Monday, March 07, 2011

I Did My Homework Before My Latest Client Hired Me

I had announced last week that I got a new client,  so I'm getting busy this week working on organizing the services for her that I offer with my Gold package, and will keep readers posted on some of the details, as I think this work is going to make a great case study. But I just wanted to backtrack briefly, as I think there are some valuable lessons I learned over the last year, that made my client consultation before we "sealed the deal," particularly productive.

First and foremost, I had researched the client thoroughly. Since this is a brick and mortar business, I had visited several times and taken note of the physical space, the visitors, and the ambiance. I also reviewed her online presence, including her website, newsletter, and social media (in this case, Facebook only, something I'm going to work on expanding and improving, of course). I also took note of her bio and background, so that I could get a feel for her experience and expertise.

During the one-hour free consultation, I made it a point to listen, and to allow the client nearly a full half-hour of simply speaking without my saying anything. I did this for several reasons -- obviously, I needed to learn what she wanted to achieve with her communications and social media marketing--but also, I wanted to see what her thought process was. That is, how she arrived at one conclusion versus another, what her likes and dislikes were, what she valued, what pleased her and frustrated her, etc. In this way, I could answer to her in a more personal way and develop an approach toward working with her before I was even working with her.

During the course of the last year, I had found it necessary to develop a client questionnaire. I did this for several reasons, but primarily so that the client could focus as closely as possible on certain key issues in their business, such as competitors, what their main goals and challenges were, what some of their past experiences had been, and what their ideal wish list would look like. When I mentioned that I had developed this questionnaire for the new client, she seemed thrilled. She has not filled it out yet, but she really liked that I had thought through some of the key marketing challenges she might be facing, and that I had also customized the questions to target her business.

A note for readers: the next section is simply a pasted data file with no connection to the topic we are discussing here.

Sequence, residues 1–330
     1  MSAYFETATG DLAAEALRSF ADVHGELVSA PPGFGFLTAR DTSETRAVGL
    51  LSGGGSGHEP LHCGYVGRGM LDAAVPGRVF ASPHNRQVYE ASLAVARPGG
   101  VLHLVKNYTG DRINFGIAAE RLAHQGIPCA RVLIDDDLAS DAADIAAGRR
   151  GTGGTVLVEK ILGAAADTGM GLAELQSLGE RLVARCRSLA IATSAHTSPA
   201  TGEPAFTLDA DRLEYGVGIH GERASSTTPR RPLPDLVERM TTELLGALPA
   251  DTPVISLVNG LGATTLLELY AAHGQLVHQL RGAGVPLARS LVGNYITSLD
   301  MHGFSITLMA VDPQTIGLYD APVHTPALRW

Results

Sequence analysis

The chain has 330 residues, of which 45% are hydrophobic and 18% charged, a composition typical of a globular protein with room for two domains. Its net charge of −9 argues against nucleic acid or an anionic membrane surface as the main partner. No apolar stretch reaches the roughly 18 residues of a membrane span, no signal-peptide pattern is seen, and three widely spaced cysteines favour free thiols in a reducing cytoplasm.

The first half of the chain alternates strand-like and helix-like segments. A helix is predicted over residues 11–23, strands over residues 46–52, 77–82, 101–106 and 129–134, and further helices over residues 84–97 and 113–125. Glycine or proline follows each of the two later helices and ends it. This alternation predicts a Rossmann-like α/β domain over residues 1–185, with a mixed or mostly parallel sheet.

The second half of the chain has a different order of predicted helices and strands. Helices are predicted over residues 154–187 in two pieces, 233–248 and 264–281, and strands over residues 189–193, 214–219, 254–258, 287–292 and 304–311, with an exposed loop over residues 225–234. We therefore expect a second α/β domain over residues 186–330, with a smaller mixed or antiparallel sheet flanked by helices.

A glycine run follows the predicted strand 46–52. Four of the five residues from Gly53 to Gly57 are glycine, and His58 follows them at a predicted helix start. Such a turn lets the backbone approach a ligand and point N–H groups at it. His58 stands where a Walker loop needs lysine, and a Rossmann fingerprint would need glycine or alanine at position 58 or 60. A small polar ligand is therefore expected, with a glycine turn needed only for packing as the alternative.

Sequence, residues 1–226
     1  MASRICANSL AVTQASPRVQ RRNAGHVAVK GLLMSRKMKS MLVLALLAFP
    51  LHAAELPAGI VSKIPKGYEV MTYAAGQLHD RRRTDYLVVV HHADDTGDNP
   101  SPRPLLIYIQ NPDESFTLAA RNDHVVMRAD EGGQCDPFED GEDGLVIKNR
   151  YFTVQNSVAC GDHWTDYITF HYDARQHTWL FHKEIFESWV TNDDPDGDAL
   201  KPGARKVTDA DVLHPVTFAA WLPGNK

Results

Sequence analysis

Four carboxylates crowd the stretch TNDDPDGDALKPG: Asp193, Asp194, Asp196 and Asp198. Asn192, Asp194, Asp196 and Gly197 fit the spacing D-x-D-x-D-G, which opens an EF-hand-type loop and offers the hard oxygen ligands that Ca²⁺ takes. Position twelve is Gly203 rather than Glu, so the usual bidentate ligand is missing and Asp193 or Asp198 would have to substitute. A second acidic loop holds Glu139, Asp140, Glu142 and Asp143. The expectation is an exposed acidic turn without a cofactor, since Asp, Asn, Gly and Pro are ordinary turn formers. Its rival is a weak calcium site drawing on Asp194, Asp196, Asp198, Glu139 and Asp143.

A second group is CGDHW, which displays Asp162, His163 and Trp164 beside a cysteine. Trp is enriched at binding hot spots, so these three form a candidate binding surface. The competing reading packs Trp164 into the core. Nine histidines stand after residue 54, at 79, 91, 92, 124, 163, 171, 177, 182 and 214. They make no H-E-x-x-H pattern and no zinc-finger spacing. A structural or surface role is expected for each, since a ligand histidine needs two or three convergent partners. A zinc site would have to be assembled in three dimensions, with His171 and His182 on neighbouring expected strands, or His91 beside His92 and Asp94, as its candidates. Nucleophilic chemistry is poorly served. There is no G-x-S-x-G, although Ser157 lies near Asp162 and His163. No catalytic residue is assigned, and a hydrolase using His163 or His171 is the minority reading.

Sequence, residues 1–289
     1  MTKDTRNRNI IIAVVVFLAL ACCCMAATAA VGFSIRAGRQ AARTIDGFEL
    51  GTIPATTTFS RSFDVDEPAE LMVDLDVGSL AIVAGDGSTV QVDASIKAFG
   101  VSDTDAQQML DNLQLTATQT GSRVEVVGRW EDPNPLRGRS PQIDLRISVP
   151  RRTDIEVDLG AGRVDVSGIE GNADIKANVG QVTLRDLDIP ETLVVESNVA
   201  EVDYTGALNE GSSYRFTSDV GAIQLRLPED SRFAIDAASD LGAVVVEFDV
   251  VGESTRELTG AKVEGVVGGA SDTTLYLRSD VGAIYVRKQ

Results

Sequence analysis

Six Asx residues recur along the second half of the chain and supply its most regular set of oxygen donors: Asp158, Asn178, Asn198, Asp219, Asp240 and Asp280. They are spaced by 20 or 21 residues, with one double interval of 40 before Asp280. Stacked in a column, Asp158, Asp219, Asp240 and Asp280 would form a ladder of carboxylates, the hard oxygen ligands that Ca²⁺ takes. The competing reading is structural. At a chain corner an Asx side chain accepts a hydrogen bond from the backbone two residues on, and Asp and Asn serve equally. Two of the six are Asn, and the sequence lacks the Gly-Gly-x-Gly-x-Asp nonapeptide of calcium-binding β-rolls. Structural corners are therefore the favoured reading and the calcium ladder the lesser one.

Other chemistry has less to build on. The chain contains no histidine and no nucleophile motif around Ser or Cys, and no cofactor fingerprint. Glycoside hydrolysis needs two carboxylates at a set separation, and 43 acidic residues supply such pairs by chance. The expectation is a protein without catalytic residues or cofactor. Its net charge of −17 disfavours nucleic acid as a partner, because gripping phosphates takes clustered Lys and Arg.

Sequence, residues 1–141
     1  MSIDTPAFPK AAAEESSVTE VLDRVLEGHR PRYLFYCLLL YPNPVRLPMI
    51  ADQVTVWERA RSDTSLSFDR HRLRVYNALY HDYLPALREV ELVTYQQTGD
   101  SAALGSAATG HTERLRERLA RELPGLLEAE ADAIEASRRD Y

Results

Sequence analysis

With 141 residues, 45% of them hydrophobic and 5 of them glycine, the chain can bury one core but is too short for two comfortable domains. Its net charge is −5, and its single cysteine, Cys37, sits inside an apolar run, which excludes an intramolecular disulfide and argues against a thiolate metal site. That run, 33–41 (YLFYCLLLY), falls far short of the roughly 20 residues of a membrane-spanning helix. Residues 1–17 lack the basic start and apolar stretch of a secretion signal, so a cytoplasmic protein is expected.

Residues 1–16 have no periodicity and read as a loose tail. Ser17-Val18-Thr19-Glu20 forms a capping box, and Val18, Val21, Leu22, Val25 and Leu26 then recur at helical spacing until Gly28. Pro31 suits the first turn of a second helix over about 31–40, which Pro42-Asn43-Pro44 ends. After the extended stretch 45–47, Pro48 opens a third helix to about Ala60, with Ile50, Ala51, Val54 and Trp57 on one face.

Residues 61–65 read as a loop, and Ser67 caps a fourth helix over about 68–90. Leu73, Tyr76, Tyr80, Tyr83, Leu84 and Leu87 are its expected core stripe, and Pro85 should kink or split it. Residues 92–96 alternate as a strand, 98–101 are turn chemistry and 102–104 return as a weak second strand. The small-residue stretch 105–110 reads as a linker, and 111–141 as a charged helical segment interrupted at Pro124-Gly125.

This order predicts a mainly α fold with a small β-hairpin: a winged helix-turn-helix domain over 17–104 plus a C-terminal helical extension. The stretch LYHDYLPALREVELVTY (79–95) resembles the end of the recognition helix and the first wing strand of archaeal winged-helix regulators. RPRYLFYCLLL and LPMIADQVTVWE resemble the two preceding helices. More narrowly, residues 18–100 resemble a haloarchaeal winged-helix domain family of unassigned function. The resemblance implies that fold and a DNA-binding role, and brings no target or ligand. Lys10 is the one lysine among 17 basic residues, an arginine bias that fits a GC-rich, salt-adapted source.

I made my pricing and packages easy to follow. Over the last few years, I have been able to successfully get away from hourly rates, as I find them to be impractical and somewhat nervewracking both for the consultant and the client. From my point of view, I like that project rate or flat rate approach, as I don't need to be watching the clock, but can focus on quality and giving my all to the project. My tendency is to always provide more time rather then less anyway, and clients appreciate this. Clients also like the package, or flat rate, as they can relax as well and not worry about counting the hours and manually crunching numbers. When the time came to make a decision, I had my pricing choices and packages ready to go, with customization easy to do. For example, the client was not yet ready to embark on a Twitter campaign, so we switched out that service with public relations instead. She was literally able to point to the package she wanted, as I had the pricing and services mapped out, with a complete description of everything.

I had my notebook and pen ready, and I used them! I always like having my notebook at the ready, and in the case of a free consultation like this one, I took frequent notes on what the client was saying, so that if indeed I got the job, she wouldn't have to repeat everything and start from scratch. And even if she hadn't agreed to go forward, I still find it valuable to learn what the issues are for small to medium size businesses -- from the actual business owners, who know the issues best.

When it was contract time, I didn't fool around. Once the client agreed to working together and asked for the contract, I used the details of our meeting to create the bullet points, including project details, scope of services, timeframes and schedules, etc.
I made sure to communicate that I was available to go over the contract in detail, and to clarify if anything needed further explanation, which apparently it did not. I also included with the contract, a workplan for the upcoming month for the client to agree on, to ensure that we were "on the same page."

These are just some of the thoughts that come to mind in reviewing last week's news, and it's helpful to keep in mind in going forward with new clients.

For clients, what do you want your consultants to bring to the table, and for consultants, what do you think is most important in order to "seal the deal?" Share your comments here...and now I have to go and get ready to shoot some video for my new client!

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